Heinicke wins Walter Payton Award

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Heinicke wins Walter Payton Award

PHILADELPHIA (AP) Old Dominion quarterback Taylor Heinicke has won the Walter Payton Award, given to the top offensive player in the Football Championship Subdivision.

Heinicke, a native of Atlanta, became just the second sophomore in FCS history to win the award, after receiving 72 first-place votes and 531 points Monday.

Stony Brook running back Miguel Maysonet finished second (284) and Wofford running back Eric Breitenstein (197) rounded out the top three. Heinicke is the ninth straight quarterback to be honored.

Colgate quarterback Gavin McCarney finished fifth overall with 158 points, but was second to Heinicke in first-place votes with 15.

Maysonet had 13 first-place votes after compiling 1,964 yards rushing and 23 touchdowns this season. Breitenstein received 11 first-place votes after posting 2,035 yards rushing and 19 touchdowns.

Heinicke led the FCS with 5,076 yards passing, a 390.5-yard average, and 55 total touchdowns for the Monarchs. Heinicke also ran for 470 yards on 126 carries as Old Dominion went 10-1 in the regular season.

On Sept. 22, in a memorable 64-61 victory over New Hampshire, Heinicke set a Division I record with 730 passing yards and 791 yards of total offense.

Former Georgia Southern running back Adrian Peterson is the only other sophomore to win the award (1999). Peterson went on to an NFL career with the Chicago Bears from 2002-09.

The award was part of The Sports Network's FCS Banquet and Presentation at the Sheraton Society Hill Hotel.

Earlier in the day, Montana State defensive end Caleb Schreibeis won the Buck Buchanan Award, given to the top defensive player in the FCS. The senior from Billings, Mont., is the first Montana State player to win the award, and the fifth from the Big Sky Conference, which has won four of the past six Buchanan awards.

Schreibeis led the FCS with eight forced fumbles this season. He led the Big Sky with 12.5 sacks and 15 tackles for a loss. He tallied 59 tackles with seven quarterback hurries and four passes broken up.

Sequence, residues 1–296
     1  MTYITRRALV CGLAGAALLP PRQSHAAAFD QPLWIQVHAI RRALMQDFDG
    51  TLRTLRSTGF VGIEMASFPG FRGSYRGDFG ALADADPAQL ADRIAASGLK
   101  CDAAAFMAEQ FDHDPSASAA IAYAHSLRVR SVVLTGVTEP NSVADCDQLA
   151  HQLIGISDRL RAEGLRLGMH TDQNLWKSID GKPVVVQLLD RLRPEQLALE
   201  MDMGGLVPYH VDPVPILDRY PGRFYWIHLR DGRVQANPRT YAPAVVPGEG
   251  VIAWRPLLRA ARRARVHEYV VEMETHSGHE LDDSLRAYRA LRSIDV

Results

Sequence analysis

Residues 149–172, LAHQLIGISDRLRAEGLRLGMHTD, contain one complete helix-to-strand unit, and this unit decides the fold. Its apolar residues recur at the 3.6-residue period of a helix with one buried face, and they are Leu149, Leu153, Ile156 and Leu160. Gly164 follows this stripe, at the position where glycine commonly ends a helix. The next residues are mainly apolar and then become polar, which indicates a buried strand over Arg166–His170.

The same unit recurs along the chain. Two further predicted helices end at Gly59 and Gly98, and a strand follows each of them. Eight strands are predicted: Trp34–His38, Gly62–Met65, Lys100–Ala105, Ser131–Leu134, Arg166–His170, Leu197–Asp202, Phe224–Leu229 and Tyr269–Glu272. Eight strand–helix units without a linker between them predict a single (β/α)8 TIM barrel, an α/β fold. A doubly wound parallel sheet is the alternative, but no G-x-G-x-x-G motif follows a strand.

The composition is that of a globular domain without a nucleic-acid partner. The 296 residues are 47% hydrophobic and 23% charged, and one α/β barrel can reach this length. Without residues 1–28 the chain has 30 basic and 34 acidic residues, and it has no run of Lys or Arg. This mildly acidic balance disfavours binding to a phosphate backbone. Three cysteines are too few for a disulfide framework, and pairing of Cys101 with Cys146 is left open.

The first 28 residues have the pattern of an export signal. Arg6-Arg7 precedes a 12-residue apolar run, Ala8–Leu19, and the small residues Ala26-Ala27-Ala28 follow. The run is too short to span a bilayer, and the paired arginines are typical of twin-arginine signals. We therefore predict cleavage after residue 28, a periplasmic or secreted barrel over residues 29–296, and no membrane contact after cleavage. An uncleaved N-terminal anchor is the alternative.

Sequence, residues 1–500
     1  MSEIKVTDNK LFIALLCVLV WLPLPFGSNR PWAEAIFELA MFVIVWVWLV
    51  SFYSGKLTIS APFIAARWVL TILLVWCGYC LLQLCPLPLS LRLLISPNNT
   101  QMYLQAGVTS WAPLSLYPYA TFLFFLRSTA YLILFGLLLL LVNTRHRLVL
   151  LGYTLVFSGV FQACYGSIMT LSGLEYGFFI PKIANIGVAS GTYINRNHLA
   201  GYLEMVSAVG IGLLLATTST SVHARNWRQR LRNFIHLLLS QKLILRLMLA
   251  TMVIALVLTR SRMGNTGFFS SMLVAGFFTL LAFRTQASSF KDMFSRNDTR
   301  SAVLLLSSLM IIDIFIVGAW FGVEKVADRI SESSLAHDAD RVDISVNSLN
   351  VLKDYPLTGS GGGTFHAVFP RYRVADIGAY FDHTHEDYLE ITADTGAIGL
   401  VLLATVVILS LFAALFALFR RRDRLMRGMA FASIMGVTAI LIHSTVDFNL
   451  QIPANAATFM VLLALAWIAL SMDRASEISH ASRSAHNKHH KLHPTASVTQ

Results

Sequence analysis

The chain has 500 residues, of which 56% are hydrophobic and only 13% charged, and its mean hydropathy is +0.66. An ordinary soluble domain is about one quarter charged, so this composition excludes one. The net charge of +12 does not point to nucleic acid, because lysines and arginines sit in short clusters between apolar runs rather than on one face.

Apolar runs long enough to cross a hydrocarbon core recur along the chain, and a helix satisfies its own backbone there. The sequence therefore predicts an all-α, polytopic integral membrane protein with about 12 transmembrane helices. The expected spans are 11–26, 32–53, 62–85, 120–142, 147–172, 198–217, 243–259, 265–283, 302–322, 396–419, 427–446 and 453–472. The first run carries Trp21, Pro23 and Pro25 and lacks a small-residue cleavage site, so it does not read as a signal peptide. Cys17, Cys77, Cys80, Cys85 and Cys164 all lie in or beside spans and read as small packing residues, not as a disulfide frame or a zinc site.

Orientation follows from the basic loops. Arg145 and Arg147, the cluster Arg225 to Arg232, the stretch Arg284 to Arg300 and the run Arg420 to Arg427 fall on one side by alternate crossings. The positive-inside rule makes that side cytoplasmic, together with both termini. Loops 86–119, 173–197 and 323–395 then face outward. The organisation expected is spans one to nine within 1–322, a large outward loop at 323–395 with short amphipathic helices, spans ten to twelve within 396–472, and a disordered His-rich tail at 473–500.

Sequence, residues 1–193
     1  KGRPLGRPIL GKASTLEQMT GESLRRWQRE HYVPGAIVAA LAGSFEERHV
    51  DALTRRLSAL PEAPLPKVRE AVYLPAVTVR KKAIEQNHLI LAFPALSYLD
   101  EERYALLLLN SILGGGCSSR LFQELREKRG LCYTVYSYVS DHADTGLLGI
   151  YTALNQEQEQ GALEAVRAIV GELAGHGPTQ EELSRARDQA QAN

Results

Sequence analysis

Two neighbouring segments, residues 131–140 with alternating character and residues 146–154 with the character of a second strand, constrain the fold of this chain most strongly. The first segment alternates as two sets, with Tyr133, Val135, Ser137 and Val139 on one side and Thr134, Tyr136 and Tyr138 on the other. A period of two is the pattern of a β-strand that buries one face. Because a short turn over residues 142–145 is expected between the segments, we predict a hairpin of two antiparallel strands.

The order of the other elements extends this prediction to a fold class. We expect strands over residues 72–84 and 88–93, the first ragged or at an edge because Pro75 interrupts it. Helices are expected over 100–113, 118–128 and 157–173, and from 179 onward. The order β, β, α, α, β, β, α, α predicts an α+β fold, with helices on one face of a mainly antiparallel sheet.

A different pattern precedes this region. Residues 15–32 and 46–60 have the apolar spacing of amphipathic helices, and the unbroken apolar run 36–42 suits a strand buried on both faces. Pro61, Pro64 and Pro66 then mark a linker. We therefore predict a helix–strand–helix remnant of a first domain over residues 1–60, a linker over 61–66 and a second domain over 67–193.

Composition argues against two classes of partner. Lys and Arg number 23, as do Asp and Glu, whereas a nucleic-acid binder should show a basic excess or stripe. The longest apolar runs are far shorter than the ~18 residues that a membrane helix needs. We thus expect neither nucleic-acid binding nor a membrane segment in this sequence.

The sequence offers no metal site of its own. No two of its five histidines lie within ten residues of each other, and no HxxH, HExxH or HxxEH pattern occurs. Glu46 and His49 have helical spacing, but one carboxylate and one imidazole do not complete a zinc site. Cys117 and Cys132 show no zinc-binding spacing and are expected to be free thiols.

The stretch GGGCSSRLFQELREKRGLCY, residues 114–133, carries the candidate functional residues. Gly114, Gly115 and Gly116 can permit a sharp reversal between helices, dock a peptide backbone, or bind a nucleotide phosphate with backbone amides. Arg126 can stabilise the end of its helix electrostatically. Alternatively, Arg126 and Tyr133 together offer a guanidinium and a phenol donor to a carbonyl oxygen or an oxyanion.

Schreibeis received 35 first-place votes, 18 second-place votes and 14 third-place votes to finish with 319 points. Jeremy Kimbrough of Appalachian State was second with 287 points.

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Camden Yards earns top spot in top 100 stadium experiences

Camden Yards earns top spot in top 100 stadium experiences

Oriole Park at Camden Yards in Baltimore, Md. grabbed the top spot in a list of the top 100 stadium experiences of 2016. 

There are very few stadiums in sports that you could even argue offer a backdrop that's as aesthetically pleasing or as unique as Camden Yards. The long brick train warehouse in right field along with the view of the Baltimore skyline in center field, gives Camden Yards as cozy of a feeling that you can get while at a sporting event. Add in the fact that O's fans are always into the games and have many gameday traditions, Camden Yards' number one ranking is perfectly justified. Just writing this makes me long for some crab fries and a cold beverage while watching the Orioles on a Saturday afternoon in the summer. 

Checking in at number 14 on the list is the stadium that's right next door to Camden Yards, and that's M&T Bank Stadium, the home of the Baltimore Ravens. This stadium was ranked the best stadium experience in the NFL, beating out Lucas Oil Stadium in Indianapolis and Lambeau Field for the top spot. 

Navy Marine Corp Memorial Stadium, home of the Naval Academy's football team, entered the rankings at number 49 on the list. Go to a game at Navy Marine Corp Memorial Stadium and you'll see some good football in a place that is full of history and patriotism.